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Discussion Starter #1
Recently I had purchased a Stebel air horn to replace the "beep-beep" road runner sound with something a little more . . . Meaty (says the vegetarian ;) ) Since today was a rare rainy day in Austin, it was time to install.

I started off by watching Paul's video for installing an air horn. Although he installed a Wolo Bad Boy, it was similar enough and quite helpful for my installation.

I had everything wired up, even had the diode connected, had my mounting bracket in place under the fairing, and before I mounted the horn I decided to try it out.

Nothing. Nada. Zip. Zilch. Bupkiss. :mad:

I began tracing things back and finally tried the obvious. I ran a test lead from the battery and a ground to my multimeter. 12.45 volts. I then ran to the + and - on the horn. Nothing. Then re-connected the meter. 12.45 volts.

So boys and girls, the lesson to learn here is to test the damn horn FIRST, before tearing apart the fairing, cutting off the old horn connections. etc.

Guess I'll buy another Stebel from Amazon, swap out the horn, and return the old horn and new kit as defective.

Now I'm debating reverting everything back to stock, which I'll probably do, because tomorrow is supposed to be dry and in the 70's.


Time for beer,
Dan
 

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Isn't there a Harbor Freight Tool Company in Austin? They have 'em for $39 less 20% with a coupon you find in everything that's printed.
 

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Discussion Starter #3
Isn't there a Harbor Freight Tool Company in Austin? They have 'em for $39 less 20% with a coupon you find in everything that's printed.
Yeah, there's a HF close by my house. Looking at their website they only carry the Wolo.

I'm gonna try to swap out my Amazon purchase with another and get a refund on the defective one. Guess I'll be hooking my stock horn back up tomorrow.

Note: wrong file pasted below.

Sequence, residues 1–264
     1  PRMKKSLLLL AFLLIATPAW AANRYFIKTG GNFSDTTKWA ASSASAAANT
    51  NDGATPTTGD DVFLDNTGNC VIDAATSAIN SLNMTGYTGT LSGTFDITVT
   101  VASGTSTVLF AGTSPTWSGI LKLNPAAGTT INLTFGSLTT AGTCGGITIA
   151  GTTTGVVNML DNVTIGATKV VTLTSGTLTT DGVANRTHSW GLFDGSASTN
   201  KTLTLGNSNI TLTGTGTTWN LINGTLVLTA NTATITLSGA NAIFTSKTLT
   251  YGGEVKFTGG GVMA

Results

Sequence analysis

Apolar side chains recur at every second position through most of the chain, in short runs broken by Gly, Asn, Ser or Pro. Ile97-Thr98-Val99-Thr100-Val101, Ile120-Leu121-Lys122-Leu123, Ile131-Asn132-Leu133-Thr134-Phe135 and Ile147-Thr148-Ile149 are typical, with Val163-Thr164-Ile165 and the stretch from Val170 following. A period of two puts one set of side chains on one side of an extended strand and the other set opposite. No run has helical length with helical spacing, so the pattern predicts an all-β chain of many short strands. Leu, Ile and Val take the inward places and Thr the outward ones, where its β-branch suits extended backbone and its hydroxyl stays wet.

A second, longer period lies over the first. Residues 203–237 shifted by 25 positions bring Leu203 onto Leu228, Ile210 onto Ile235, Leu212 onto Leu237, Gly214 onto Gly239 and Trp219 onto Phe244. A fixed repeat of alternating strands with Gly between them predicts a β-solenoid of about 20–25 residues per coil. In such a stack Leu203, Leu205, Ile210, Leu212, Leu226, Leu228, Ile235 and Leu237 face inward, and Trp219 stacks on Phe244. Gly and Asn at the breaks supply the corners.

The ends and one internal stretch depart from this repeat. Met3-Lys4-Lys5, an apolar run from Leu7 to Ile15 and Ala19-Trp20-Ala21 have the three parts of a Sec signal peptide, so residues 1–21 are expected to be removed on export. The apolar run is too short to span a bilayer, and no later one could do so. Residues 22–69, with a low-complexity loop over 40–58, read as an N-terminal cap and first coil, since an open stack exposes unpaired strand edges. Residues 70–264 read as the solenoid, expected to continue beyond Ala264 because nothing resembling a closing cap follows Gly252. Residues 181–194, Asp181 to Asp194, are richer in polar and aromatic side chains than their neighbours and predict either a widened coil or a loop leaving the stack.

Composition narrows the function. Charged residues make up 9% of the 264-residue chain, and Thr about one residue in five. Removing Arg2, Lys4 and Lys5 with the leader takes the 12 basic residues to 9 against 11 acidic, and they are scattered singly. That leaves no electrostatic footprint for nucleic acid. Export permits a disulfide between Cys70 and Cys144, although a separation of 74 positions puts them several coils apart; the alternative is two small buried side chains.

D.
 

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This is an accurate diagram. I didn't need a diode.
 

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Why would there need to be a diode? Edit: Nevermind. I watched Paul's video and understand it now. Remember the British Lucas electrics on the Brit bikes? They used a lot of diodes but for some reason had trouble. I don't think it applies to this mod but it did trigger that memory.

I run a standard car horn that's plenty loud and cost under $7. Didn't need a relay either. Plugged right in where the stock one was. I do have it located different but will change that one day.
 

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I got one from Harbor Freight and tested it first. I had the same result, dead right out of the package.

Tech23
 

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The diode prevents back emf. If you get a relay that has a diode built in, and some do, no problem. Toe jaM you don't get any turn signal lights to flicker when you turn on the horn ?
 

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I put a Stebel on my Highball years ago and bought the relay. I have NEVER had any issues with it at all! I would remove the diode. Really think that is your problem. If you don't us a powered relay then the horn will just operate very poorly but will operate. Only reason I know this was because a coworker bought a bike with the air horn already installed. He was upset that it didn't sound like mine and I looked at it and noticed that he didn't have a relay. I just happened to have one and put it on. After that all was good!
 

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Discussion Starter #9
I put a Stebel on my Highball years ago and bought the relay. I have NEVER had any issues with it at all! I would remove the diode. Really think that is your problem.

Bucky, the diode is not the problem. To test I ran + from battery and a ground direct to the horn. Nothing. Hence, the horn is the problem.

D.


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The use of a diode is required if the horn causes some of the electronics to flicker or disengages the cruise control while riding. The WOLO urn is he that does generate a lt of emf and w it hour the diode it COULD introduce noise. That is what the side is for. It cramps this noise to .7v . Now if you put the diode in wrong( there IS polarity) it will not work. Like I said, some relays have diodes built in across the coil and then you don't need one.